Next Round on Kings Crossing Scheduled for Monday

Next Round on Kings Crossing Scheduled for Monday

A new element has been added to the Kings Crossing debate.

A more definitive plan for Kings Crossing is expected to be presented on Monday by the developers, JPI Development Company of Vienna, Va.

At the latest Spring Bank Neighborhood Association meeting, Jan. 10, it was announced that JPI, was scheduled to meet again with area residents "to flesh out the plan." But, SBNA was not quite sure what that meant.

Throughout a series of meetings, beginning last fall, held under the aegis of Southeast Fairfax Development Corporation, the primary debate points have been:

* The ratio of mixed use to residential on the site

* The type of construction of the buildings within the anticipated "Town Center" area

* How much of the adjacent areas, on which JPI holds options, will be devoted to additional residential and/or open space

THE PRIMARY SITE at the center of the tug-of-wills is the 11 plus acre parcel which now contains Michaels Arts and Crafts and Chuck-E-Cheese. A secondary consideration is the Fairchild property, immediately to the rear, on which JPI holds an option. A new element, recently added to the mix, is the mobile home acreage along Shields Avenue, bounded by Memphis and Vanport streets, which forms the northern border of the Michaels property.

David Dale, president, SBNA, at the group's December meeting said, "If JPI acquires an option on the property abutting Shields Avenue and decides to develop it, the entire project changes." According to Mount Vernon authorities that option has been acquired.

As pointed out at the December meeting, the acquisition of the Shields Avenue property could "have the effect of reorienting the concept of a town center" and would add considerably more residential property possibilities. An added consideration for JPI is the potential relocation of the mobile home residents now occupying the Shields Avenue property.

When Wal-Mart acquired its present site at the intersection of Route 1 and Sherwood Hall Lane, which at that time was the site of another mobile home community, they relocated those residents at its expense, according to Gerald Hyland, Mount Vernon District Supervisor.

"We would probably be looking at a similar approach for the residents located on the Shields Avenue property," he said. Since JPI would have to apply for a zoning change to convert the use to residential or mixed use, requiring the developer to be responsible for the household relocations could be one of the conditions imposed by the county prior to granting a change.

THE OTHER CONTROVERSIAL element of the land package at the Kings Crossing site are the individual homes sites along Fairfield Drive. Some of the homes owners have acknowledged that they have been approached by JPI about selling their properties.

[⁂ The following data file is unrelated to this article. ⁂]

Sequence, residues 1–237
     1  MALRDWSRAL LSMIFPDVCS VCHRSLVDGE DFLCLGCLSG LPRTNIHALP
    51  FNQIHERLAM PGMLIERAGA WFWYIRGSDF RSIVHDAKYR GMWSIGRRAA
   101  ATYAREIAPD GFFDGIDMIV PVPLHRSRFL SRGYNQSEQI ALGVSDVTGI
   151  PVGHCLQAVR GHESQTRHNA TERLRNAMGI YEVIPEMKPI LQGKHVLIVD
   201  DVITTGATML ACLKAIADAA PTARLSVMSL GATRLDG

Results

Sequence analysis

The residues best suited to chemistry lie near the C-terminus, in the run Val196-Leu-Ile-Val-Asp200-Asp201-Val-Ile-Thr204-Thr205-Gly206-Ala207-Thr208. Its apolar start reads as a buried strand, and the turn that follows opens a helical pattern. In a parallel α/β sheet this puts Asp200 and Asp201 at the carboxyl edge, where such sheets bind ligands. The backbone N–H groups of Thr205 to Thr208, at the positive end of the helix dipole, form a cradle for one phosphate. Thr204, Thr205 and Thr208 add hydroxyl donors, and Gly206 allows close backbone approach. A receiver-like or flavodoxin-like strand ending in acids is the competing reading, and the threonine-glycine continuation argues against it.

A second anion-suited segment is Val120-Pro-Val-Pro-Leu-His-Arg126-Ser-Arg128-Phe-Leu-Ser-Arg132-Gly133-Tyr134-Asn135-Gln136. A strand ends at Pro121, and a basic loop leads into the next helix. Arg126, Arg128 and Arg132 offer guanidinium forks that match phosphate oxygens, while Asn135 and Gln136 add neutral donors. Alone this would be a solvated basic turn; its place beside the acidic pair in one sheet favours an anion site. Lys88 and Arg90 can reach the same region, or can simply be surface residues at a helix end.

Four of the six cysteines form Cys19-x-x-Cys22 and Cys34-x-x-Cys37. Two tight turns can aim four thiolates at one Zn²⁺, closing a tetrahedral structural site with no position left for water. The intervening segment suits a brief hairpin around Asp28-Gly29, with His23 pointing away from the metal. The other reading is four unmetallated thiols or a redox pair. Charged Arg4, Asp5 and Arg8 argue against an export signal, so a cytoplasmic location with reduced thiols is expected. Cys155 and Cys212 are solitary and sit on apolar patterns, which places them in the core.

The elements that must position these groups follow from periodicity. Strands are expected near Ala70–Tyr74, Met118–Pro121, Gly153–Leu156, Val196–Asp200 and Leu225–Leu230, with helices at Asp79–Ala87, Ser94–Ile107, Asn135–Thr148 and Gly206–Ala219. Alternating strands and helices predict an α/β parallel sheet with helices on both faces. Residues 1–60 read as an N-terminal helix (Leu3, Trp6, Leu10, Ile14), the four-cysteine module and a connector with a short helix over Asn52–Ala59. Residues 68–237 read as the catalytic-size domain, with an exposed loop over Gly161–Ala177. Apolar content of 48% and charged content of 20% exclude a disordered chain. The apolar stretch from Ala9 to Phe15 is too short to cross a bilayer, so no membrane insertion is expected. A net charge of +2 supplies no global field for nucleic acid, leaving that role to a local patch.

"JPI is interested in buying properties on Fairfield Drive. If they can get all the properties they are interested in they hope to acquire them. But, if they can't get them all, they are not interested," Dale told the SBNA group assembled during the December meeting at Groveton Baptist Church.

One of the factors apparently impacting these negotiations is the alleged damage done to the County Resource Protection Area (RPA) when a JPI subcontractor bulldozed a swath through the back of several properties fronting on Fairfield Drive and through the RPA. Although JPI immediately assumed full responsibility, no county action has been formally taken relative to the RPA.

According to several of the property owners, if the county decided to exercise its legal right to sue for alleged damages to the RPA, they could also be held liable even though they had nothing to do with the bulldozing. Therefore, they are not willing to sell unless JPI can assure them of complete indemnification in case of such action by the county. This has not been resolved.

DURING THE DECEMBER meeting, an apparent schism surfaced within SBNA when Tate Westbrook, a Fairfield Drive resident, characterizing negotiations with JPI as unbending, asked, "What have we provided JPI that could be considered a middle ground? We seem to just be putting up road blocks."

He also stated, "It seems that the people on our committee have no knowledge of commercial development. It's like they're following some pipe dream."

Dale countered that "the entire Mount Vernon Council was opposed to the present JPI plan." As for the area behind those Fairfield Drive properties, where the bulldozer cut through, Dale said, "This is our only chance for a neighborhood park."

Since the outset of the Kings Crossing development, prior to its acquisition, plans for the area, which contains the RPA, included park land designed for passive open space. JPI site plans, as distributed at SBNA December meeting, maintained that open space but surrounded it with projected residential uses. SBNA members view this as limiting its use and accessibility.

Martin Tillet, another Fairfield Drive resident, said, in supporting Dale and the desire for a neighborhood park, "We have not been saying no development. We just don't want what the developer wants. We want development. But, we want good development. We are trying to preserve the integrity of the neighborhood."

That integrity as well as the entire concept of Kings Crossing being a truly mixed use site and its orientation will be on the table again at the announced upcoming community meeting.